Open letter from a reader
By Neville Harson
I just read the article about the “Cult of Positivity” on your website. I can’t tell you how happy –and relieved—I am to come across a site like this. Kudos to you for being the Wikileaks of the yoga community, as unpopular as that may be in that community. Bravo to you for taking a stand! And II think that what you are writing about on this site is much bigger than just the yoga community.
I lived in the Bay Area in the nineties and was on the fringes of various spiritual communities and the rave scene.
I moved to the Boston area from 1999-2001 and was involved with the contact improv/polyamory community. Then I came to Boulder and went to Naropa for three years (and one Psychology degree). I’m not claiming to be a representative voice for any of these communities, but in each place, I witnessed and heard about many occurrences that were—and I’ll put this diplomatically—less than enlightened behavior. In the last twenty years I’ve gone from being a spiritual seeker to calling myself “post-spiritual”; and in my more cyncial moments have grumbled that “Spiritual Community is neither.”
I have been wounded, and have seen friends be wounded and abused in similar ways, by people and communities calling themselves “spiritual.”
I’m not talking about bizarre cult brainwashing scenarios, but more subtle, almost invisible kinds of abuses, a number of which are mentioned in the articles on your website. Some of it is laughable (I especially liked the page about “words we loathe and abhor”), but some of it is definitely more serious. And, as you point out, to speak up often means you are cast out of the community (or worse—people pretend they still accept you when they really don’t). And so many people live in fear of speaking out.
The worlds I have moved in have been seemingly riddled with charlatans that mean well–spiritual writers who stalk women; meditation instructors who aren’t what they seem on the surface, especially when stressed; bliss ninnies who can’t deal with an expression of sadness or anger because “it brings their vibrational level down”; men who have pressured women into threesomes by telling them they were “spiritually uptight”; people trying to console friends with hurtful new-agisms like, “this must be your path” or “you attracted this to yourself”; liberals who identify so closely with their beliefs that they become rigid and unable to hold a dialogue with someone who holds a different opinion; and there are many others.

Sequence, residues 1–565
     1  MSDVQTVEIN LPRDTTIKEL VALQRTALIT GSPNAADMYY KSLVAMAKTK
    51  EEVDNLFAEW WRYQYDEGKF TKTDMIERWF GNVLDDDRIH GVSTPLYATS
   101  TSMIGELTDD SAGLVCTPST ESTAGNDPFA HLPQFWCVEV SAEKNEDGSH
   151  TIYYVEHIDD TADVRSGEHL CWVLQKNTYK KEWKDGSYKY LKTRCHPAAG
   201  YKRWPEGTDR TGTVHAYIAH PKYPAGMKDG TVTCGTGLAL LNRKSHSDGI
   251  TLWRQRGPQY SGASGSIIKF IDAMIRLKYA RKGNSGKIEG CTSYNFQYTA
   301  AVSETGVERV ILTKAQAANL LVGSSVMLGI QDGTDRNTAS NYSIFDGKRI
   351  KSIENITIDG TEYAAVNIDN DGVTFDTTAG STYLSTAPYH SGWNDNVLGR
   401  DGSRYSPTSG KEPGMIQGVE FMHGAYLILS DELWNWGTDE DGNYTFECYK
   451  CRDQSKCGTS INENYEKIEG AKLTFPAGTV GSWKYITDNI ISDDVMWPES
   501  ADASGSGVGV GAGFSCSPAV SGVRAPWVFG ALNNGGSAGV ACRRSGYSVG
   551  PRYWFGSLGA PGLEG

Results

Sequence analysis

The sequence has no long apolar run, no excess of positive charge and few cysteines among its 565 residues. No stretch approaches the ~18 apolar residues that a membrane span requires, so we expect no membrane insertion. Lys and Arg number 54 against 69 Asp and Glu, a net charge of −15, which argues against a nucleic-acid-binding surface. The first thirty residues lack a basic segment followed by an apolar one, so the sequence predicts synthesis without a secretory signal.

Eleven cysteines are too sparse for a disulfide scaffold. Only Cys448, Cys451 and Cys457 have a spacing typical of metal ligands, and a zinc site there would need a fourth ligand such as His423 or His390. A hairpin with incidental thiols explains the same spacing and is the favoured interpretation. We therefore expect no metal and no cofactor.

Sometimes I think this has all come about because we’re trying to filter eastern philosophies through a Judeo-Christian core, which includes a lot of guilt/shame and in-group vs. outsiders mentality. Then we combine that with the particularly American kind of semi-delusional optimism/narcissism, add a dash of western materialism and presto! You’ve got yourself a really sick system that looks, on the surface, to be incredibly healthy and even desireable!
Anyway, I could write much more about all this—I have thought about it a lot over the past few years, how it ties in with Jung’s concept of the Shadow, or Ken Wilber’s “spiritual bypassing” (I call it “Yoga Rage”), but for now I just wanted to say hello and thank you for creating this website.
I will refrain from saying Namaste,
About Neville Harson
Neville Harson is a Boulder-area therapist and advisor who works with creative people as well as the spiritually disenfranchised. Like Carl Jung, he believes that balance is a better goal than perfection. He is also a musician who believes in the power of the power chord and the value of silence. His theme song is The Who’s ‘Won’t Get Fooled Again.”